The Dsx (Doublesex) gene is essential for the sexual differentiation of both the sexes (male and female). The absence of the Dsx gene can turn flies (of both XX and XY arrangements) into intersex[2].

Figure: The image shows the genetic mechanism of Drosophila Sex determination[4].

Genetics of Drosophila

Drosophila has 4 pairs of chromosomes and the size of its genome is estimated to be approx 180 Mb―the euchromatin (transcriptionally active region ) is about 120 Mb. Out of 4 pairs of chromosomes, one is sex chromosome (acrocentric X chromosomes and metacentric Y chromosomes) and three are autosomes.

Other than mitotic chromosomes, Drosophila has “Polytene chromosomes-giant chromosomes.” This chromosome is formed by the process of “endoreduplication-multiple round of DNA replication, without cell division.” The polytene chromosomes are commonly found in salivary glands and most commonly isolated from larval salivary glands.

How is the genetics of Drosophila aid in the experiments?

A lot of information has been decoded about the Drosophila genome. Some genetic characteristics of drosophila are known as “genetic tools”, which provide essential aid in various researches including genetics, biotechnology, drug discovery, etc[6].

1.     Classical genetics

It has been almost 100 years since the use of Drosophila in various researches. These meticulous studies have contributed a lot to the understanding of heredity and gene activity, construction of recombination maps, and the relation between sex linkage and inheritance of sex chromosomes[6].

Mutagenesis studies on Drosophila led to the construction of genetic maps, which was also facilitated by the studies of banding patterns of polytene chromosomes found in salivary glands of Drosophila larva.

2.     Transposable elements

The P elements carry the gene for transposase activity and are responsible for hybrid dysgenesis―series of mutations as a result of crossing male with P element and a female without P element which leads to sterility and chromosomal aberration―in Drosophila. Its use in introducing cloned DNA in Drosophila was discovered way back in 1982[6].

The P elements are now an essential tool in genetics for gene tagging, gene disruption, chromosome engineering, and inducible gene expression. Moreover, the mutation, by the introduction of P elements into a gene, allows the molecular identification of the affected gene. The controlled activity of transposase aids scientists to insert P elements at the desired location and generate a large number of mutations required for their studies[2].

3.     The Drosophila genome

The whole genome of Drosophila was sequenced in 2000. Researchers have found that Drosophila has approximately 70% of orthologous genes associated with human diseases[6].

The availability of a chunk of information about Drosophila genomes aid researchers (as a model organism) for human disease research and drug discovery and it also avoids the labor of performing a number of molecular manipulations of Drosophila DNA.

Experimental methods to study Drosophila in labs.

The study of Drosophila in labs serves many purposes which include the understanding of neurons, developmental processes, mutational studies, gene regulation, and signaling. A number of methods are used to study the different processes in different experiments. In this section, you will get a brief of cytogenetic methods[1] used to study different parts/processes of Drosophila and its culturing in labs.

Other than the mentioned cytogenetic experiments in this section, the two other, most commonly used bioengineered, techniques used to study the Drosophila are[5]:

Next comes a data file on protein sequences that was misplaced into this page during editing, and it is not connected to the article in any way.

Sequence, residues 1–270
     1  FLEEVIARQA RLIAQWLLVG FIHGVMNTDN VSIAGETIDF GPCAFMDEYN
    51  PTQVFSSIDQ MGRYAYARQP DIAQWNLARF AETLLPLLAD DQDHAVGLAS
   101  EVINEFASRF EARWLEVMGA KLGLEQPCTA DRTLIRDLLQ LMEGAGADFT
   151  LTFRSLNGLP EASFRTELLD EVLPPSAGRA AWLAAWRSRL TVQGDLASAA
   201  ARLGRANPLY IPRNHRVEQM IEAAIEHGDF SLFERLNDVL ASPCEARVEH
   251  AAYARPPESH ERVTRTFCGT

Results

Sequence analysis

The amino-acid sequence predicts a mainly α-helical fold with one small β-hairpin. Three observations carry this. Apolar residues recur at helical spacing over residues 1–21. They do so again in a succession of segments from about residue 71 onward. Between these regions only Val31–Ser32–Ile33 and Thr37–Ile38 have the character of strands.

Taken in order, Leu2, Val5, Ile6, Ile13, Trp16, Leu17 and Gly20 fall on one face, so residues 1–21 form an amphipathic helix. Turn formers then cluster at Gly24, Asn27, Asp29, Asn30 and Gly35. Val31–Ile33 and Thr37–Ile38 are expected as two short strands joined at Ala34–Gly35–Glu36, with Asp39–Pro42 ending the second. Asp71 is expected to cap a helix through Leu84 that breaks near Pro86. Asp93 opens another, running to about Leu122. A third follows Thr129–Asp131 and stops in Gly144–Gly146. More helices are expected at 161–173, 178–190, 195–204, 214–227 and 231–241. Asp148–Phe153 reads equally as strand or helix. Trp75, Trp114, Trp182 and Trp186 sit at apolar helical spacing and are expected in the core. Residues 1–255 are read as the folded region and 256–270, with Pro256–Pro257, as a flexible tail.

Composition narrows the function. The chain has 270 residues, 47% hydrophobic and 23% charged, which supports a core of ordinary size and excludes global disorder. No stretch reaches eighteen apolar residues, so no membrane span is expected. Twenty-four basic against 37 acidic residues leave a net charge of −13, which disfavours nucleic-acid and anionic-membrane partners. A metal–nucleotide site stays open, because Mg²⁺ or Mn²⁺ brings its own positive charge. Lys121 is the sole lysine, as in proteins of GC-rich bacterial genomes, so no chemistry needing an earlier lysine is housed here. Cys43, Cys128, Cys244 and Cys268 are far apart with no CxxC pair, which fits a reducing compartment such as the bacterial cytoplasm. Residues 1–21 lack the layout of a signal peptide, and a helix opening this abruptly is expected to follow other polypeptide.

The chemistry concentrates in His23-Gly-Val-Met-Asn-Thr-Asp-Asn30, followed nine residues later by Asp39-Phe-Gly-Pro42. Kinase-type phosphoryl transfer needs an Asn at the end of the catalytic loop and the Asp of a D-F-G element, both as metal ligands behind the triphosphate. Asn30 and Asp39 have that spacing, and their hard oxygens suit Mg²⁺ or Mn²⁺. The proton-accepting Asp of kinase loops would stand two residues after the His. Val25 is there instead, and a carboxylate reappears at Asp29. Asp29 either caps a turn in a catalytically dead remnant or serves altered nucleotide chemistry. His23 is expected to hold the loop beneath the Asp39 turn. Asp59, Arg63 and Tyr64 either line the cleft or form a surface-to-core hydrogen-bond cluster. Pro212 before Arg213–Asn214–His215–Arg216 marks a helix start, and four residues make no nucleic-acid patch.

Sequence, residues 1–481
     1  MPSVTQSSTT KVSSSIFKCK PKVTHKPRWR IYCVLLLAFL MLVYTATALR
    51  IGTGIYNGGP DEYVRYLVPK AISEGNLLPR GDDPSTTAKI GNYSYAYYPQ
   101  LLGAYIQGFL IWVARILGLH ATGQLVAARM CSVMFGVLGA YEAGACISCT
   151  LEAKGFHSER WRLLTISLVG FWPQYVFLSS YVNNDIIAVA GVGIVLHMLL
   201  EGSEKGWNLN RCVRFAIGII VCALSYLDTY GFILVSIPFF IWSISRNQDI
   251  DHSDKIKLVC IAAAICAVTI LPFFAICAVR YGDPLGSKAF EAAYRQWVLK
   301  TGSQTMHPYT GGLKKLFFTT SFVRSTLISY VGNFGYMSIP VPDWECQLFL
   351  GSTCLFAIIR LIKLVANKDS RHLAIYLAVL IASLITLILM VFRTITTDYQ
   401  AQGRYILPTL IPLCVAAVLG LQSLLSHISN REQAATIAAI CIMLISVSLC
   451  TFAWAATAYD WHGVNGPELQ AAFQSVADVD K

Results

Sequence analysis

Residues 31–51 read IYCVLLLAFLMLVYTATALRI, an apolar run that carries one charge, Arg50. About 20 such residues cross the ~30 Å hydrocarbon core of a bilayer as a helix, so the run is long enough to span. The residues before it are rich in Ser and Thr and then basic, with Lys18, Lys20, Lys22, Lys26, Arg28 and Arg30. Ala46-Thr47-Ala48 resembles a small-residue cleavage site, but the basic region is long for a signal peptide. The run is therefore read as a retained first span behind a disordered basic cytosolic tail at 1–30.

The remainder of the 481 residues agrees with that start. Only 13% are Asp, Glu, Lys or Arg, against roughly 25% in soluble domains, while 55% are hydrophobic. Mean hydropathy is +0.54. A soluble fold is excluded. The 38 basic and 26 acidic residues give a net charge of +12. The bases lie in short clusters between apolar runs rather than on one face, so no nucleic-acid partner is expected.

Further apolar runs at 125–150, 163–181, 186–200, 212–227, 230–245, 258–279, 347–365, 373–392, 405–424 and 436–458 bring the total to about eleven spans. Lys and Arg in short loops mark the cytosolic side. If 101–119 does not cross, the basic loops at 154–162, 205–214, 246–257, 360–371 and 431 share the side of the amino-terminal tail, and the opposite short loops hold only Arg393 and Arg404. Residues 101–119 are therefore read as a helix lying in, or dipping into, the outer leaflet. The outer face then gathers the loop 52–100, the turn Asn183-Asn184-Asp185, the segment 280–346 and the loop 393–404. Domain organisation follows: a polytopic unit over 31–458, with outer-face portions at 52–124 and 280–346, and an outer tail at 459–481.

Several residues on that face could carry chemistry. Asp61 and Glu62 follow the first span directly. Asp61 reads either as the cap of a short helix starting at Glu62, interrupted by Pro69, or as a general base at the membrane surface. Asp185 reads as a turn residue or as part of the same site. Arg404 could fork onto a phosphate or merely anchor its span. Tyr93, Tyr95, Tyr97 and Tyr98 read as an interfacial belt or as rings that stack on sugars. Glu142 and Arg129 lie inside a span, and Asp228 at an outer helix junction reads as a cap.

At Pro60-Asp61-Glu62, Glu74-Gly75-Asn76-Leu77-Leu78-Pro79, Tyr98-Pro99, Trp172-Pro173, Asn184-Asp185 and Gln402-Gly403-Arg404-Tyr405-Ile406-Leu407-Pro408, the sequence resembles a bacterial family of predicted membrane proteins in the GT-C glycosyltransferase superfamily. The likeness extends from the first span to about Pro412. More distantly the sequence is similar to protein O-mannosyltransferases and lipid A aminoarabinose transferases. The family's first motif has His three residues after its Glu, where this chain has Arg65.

• The GAL4/UAS system: Used to study gene expression and function in the organisms.
  • The FLP/ FRT system: Site-directed recombination technology.

1.    Culturing Drosophila in labs


The Drosophila culturing does not require standard equipment. The great scientist T. H. Morgan used glass milk bottles to culture Drosophila for his experiments! Now, laboratories use bottles and vials to culture Drosophila.

Bottles are used to maintain a large population and culturing vials are used to maintain a small population and make crosses. Generally, glass bottles are preferred but autoclaved plastic bottles can also work well. Moreover, the size of small vials ranges from  96 mm by 25 mm to larger vials. To cover the bottles, plugs are used which can be cotton or foam plugs. However, cotton plugs are mostly preferred.


The preparation of media involves two ways: cooking the media or using ready-made and dehydrated media. The latter is most preferred, which avoids the labor of cooking the media, and is easier and quicker than the former. However, rehydration is required to use readymade media. To ensure the complete rehydration and culture process, follow the given procedure:

Rehydration Procedure of ready-made media

  1. Add ⅕ to ⅖ volume of dry media to the bottle/vial.
  2. Add water to completely moisten the media.
  3. Let the vial rest for a few minutes and add water until it seems hydrated.
  4. The surface of completely hydrated media looks shiny without any spaces in the media.
  5. Allow the media to warm to room temperature. The optimum temperature to grow flies is at 25 ℃ with 60 % humidity.
  6. Add several grains of yeast on the surface of the media after the media is hydrated.
  7. Transfer the flies in the vial/bottles and plug it.
  8. Flies should be transferred to different clean vials/bottles to maintain the culture.

NOTE: Change the food always after or between 10-14 days.

Figure: The image shows Drosophila culture in a bottle with a demonstration of different stages (larva and pupa)[3].

2. Orcein staining to identify Polytene chromosomes


  1. Squash Preparation
    • Select 3rd instar larva from the culture.
    • Place them in a container having PBS and 0.8% saline.
    • Put the larva on the slide containing a drop of 45% acetic acid and dissect the larva.
    • Remove the salivary gland and allow it to sit in 45% acetic acid for 2-3 minutes.